Recently I’ve made some tests how to connect to 6LoWPAN nodes in home LAN environment, using ordinary PCs. I’ve been using Grinch Border Router described in previous entries. The main aim was to use no static routes to send traffic to wireless nodes - I’ve tried to use only Router Discovery.
In general, avoiding manual configuration of networks is a hot topic nowadays - not only in Wireless Sensor Networks. There are many problems to solve:
Interaction with sleeping or mobile nodes
The problems above are also present for the home LANs. The basic RFC4861 Neighbor Discovery is quite limited and it’s hard to achieve a fully functional LAN with Internet connection using only that (without DHCP). However most new solutions are not supported by common everyday devices found in LANs (like PCs or smartphones). Grinch Border Router is no exception to that - it is a very basic device, and with 8kb of RAM it is not capable of any complicated techniques.
LAN physical setup
I’ve assembled a simple Home LAN as a testbed. Physical setup of the testbed is shown on a picture below - as you can see it is not very realistic (for a typical household) - as it includes a separate switch and wireless router - I’ll explain that below:
The testbed contains two PCs, D-Link 5-port switch, Grinch Border Router, Atmel Raven board and a D-Link DIR-600 wireless router. Test LAN is based entirely on the switch. The wireless router is used only for IPv6 tunnel. At the beginning I planned to use the router for my LAN instead of switch (it would be a more realistic setup). However I decided to add a separate switch because of two reasons:
IPv4 traffic - wireless router is used for my primary IPv4 internet connection - and Grinch has no hardware packet filtering.
D-Link DIR-600 has some undocumented IPv6 ability. In theory it’s IPv4 only, but it sends Router Advertisements, and I was concerned that it would disturb the experiment.
LAN logical setup
Logical setup of the testbed is shown on a picture below - it is much more realistic than the physical one:
LAN contains one host (one of the laptops) and two routers - one connected to the IPv6 Internet and one connected to Wireless Sensor Network. On the WSN side there is a single node with HTTP webserver (Raven) and RPL is used for routing. For the IPv6 Internet connection Freenet6 GoGo Client is used - I have no public IP therefore normal tunnel won’t work. Through GoGo client
/56 prefix is received. LAN uses the first
/64 subnet in the prefix, WSN uses the second one.
When aiming for a zero-configuration connection to WSN nodes in home LAN, one of the main problems is choosing the right router for outgoing transmissions. In LAN like above, a host gets Router Advertisements from both WSN and Internet routers, and saves their addresses in Default Router List. When IPv6-enabled host has more than one router in its Default Router List, it selects the router for outgoing traffic in round-robin fashion (RFC4861). In typical IPv6 operation it’s not a problem - if host chooses non-optimal router, the router sends a Redirect message to the host. Redirect tells the host to use other router for that particular destination. Host saves this information in its Destination Cache and next time it sends the traffic to the correct router. Routers need to know about each other and about accessible routes to send Redirects. Normally routers use some kind of dynamic routing protocol to inform each other about known routes (e.g., RIPng).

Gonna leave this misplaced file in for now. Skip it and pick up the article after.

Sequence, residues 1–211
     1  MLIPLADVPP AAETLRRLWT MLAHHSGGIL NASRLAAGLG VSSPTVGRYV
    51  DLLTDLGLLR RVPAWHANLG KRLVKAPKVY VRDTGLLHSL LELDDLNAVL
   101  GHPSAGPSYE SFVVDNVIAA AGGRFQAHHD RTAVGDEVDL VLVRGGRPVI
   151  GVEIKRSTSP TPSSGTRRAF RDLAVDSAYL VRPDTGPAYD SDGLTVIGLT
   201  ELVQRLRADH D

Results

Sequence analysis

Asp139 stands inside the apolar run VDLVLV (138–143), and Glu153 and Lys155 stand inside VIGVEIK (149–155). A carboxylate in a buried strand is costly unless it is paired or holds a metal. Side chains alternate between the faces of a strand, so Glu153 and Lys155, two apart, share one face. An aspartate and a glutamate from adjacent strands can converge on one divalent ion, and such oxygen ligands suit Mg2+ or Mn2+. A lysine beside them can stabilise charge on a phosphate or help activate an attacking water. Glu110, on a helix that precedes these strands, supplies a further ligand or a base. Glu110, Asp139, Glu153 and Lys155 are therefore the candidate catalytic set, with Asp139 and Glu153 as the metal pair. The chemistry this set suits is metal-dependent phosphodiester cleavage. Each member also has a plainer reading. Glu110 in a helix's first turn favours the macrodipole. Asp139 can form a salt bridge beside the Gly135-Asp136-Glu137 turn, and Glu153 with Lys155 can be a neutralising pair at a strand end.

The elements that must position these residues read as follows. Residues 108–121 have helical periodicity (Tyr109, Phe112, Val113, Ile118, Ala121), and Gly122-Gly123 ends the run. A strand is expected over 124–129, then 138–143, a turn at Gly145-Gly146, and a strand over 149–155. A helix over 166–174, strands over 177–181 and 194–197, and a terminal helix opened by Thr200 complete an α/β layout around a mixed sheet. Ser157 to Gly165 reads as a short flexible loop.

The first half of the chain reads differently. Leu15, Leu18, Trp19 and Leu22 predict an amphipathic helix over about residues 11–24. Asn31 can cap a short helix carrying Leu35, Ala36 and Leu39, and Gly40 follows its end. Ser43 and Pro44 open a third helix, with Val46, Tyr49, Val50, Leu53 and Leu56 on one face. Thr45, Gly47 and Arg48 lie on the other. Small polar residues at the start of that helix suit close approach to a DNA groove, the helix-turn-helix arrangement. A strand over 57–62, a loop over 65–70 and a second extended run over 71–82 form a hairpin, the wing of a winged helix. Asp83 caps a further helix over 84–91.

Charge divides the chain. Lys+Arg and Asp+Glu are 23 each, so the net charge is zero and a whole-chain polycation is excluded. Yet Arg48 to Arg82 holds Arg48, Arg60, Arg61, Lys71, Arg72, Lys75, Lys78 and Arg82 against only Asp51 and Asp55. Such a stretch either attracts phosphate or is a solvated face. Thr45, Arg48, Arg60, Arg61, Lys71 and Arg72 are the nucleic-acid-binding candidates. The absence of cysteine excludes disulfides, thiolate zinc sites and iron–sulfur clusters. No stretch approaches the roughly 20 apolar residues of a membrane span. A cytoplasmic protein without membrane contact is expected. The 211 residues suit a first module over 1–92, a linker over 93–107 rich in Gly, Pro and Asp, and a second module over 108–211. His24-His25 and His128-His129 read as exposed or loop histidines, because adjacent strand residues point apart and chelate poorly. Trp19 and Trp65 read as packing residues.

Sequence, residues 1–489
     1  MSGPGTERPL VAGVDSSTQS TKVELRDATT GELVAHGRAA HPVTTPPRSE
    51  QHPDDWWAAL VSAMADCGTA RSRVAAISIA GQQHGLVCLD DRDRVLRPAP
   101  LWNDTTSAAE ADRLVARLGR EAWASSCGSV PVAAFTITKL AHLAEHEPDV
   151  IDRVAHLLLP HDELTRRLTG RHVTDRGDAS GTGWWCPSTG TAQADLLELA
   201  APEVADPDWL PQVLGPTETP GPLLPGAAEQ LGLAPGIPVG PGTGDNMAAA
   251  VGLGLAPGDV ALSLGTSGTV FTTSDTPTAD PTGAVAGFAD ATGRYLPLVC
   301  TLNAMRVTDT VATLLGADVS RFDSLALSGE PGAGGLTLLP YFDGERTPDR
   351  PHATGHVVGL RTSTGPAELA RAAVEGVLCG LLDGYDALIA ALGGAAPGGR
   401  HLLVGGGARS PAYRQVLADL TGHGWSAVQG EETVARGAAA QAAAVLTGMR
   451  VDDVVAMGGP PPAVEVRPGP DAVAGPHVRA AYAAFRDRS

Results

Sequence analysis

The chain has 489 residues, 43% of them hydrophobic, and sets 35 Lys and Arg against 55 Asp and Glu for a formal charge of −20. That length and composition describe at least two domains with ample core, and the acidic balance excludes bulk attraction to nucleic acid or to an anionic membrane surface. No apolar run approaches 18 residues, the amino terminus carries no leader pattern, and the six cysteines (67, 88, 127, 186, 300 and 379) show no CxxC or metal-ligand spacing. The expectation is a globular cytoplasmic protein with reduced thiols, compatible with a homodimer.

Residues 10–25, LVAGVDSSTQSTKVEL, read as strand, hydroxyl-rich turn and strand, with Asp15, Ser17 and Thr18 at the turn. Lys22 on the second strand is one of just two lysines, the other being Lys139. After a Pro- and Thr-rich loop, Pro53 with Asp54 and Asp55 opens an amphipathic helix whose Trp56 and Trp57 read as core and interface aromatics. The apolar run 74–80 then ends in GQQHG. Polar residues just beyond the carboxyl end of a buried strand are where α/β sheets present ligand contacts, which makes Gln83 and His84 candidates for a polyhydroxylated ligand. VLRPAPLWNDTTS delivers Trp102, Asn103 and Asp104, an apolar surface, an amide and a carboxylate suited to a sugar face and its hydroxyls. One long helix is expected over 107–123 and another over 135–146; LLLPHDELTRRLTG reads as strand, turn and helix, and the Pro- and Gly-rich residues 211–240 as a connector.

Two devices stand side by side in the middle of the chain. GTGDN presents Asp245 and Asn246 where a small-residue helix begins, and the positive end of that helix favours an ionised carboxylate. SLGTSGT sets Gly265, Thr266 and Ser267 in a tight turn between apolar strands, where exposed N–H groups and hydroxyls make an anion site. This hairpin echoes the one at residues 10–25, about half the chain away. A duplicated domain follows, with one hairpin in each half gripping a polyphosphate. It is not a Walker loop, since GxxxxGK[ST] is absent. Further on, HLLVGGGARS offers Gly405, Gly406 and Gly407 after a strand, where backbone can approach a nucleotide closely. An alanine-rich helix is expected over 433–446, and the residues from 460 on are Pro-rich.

Contiki OS (used by Grinch border router) doesn’t support redirects, or any typical routing protocols. It’s not a big technical problem, as the simplest routing protocol - RIPng can be certainly operated by a router like Grinch (maybe with 16kb of RAM). However it’s not the only problem. Typical IPv4 home routers don’t support any kind of routing protocol - they are simple gateways which send traffic to a default route. There are no “typical IPv6 home routers” on the market yet - only “IPv6 enabled routers”, but existing guidelines for home routers don’t contain routing protocol support as a mandatory functionality (RFC6024). Windows operating system also doesn’t support any dynamic routing protocols in Home Edition. At the moment probably the only IPv6 home router solution with RIPng support are special OpenWRT and DD-WRT builds. It might in a couple of years lead to a situation where Internet of Things home deployment is hampered by lack of proper router functionality.
Partial solution - Route Information Options